Human trafficking is a callous global industry that denies victims their rights and dignity and generates billions of dollars for organized criminal networks. Most of those trafficked are vulnerable women and children deceived into a life of suffering. They are exploited for sex and forced to work in conditions akin to slavery.
This first World Day against Trafficking in Persons is a call to action to end this crime and give hope to the victims, who often live unrecognized among us. To stop the traffickers, we must sever funding pipelines and seize assets. I urge all countries to ratify and fully implement the United Nations Convention against Transnational Organized Crime and its Protocol on Trafficking in Persons.
Enforcement, cross-border cooperation and information-sharing can all be effective, but ending human trafficking also means tackling the root causes. Extreme poverty, entrenched inequality and a lack of education and opportunity create the vulnerabilities that traffickers exploit. Ultimately, the best protection is to accelerate development for all.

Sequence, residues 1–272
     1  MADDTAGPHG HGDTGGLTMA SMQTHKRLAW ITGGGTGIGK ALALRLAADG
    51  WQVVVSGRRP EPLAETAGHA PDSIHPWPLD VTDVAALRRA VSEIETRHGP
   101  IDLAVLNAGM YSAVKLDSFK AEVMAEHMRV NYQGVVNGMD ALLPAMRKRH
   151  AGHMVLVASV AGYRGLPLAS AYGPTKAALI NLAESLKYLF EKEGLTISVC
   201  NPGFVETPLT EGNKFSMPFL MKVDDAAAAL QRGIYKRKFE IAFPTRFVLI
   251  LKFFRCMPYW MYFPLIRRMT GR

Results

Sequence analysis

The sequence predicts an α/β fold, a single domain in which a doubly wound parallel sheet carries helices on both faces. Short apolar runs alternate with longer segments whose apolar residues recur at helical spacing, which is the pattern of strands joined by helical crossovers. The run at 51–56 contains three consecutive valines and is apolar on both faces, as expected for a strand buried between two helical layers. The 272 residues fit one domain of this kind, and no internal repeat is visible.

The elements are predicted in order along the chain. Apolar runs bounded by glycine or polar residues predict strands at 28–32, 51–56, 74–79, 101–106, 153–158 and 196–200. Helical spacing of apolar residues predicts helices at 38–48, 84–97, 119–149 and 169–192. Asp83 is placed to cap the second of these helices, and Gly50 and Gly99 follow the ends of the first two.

Victims of trafficking who are fortunate enough to be freed need assistance to regain their rights and reintegrate into society. The UN Trust Fund for the Victims of Trafficking in Persons, Especially Women and Children, works on their behalf but needs additional funding. I appeal to everyone to support the UN campaign, “Have a Heart for Victims of Human Trafficking”.
Let us open our eyes to this crime and our hearts to the victims. It is time to say no to human trafficking.
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